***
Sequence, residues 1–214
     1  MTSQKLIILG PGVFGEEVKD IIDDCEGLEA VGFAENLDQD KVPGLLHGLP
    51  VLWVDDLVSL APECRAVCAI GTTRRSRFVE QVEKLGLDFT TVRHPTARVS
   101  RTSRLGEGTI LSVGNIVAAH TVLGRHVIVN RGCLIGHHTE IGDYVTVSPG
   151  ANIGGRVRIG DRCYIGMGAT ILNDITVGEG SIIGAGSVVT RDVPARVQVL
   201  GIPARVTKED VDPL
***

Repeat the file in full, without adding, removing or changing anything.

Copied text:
Sequence, residues 1–214
     1  MTSQKLIILG PGVFGEEVKD IIDDCEGLEA VGFAENLDQD KVPGLLHGLP
    51  VLWVDDLVSL APECRAVCAI GTTRRSRFVE QVEKLGLDFT TVRHPTARVS
   101  RTSRLGEGTI LSVGNIVAAH TVLGRHVIVN RGCLIGHHTE IGDYVTVSPG
   151  ANIGGRVRIG DRCYIGMGAT ILNDITVGEG SIIGAGSVVT RDVPARVQVL
   201  GIPARVTKED VDPL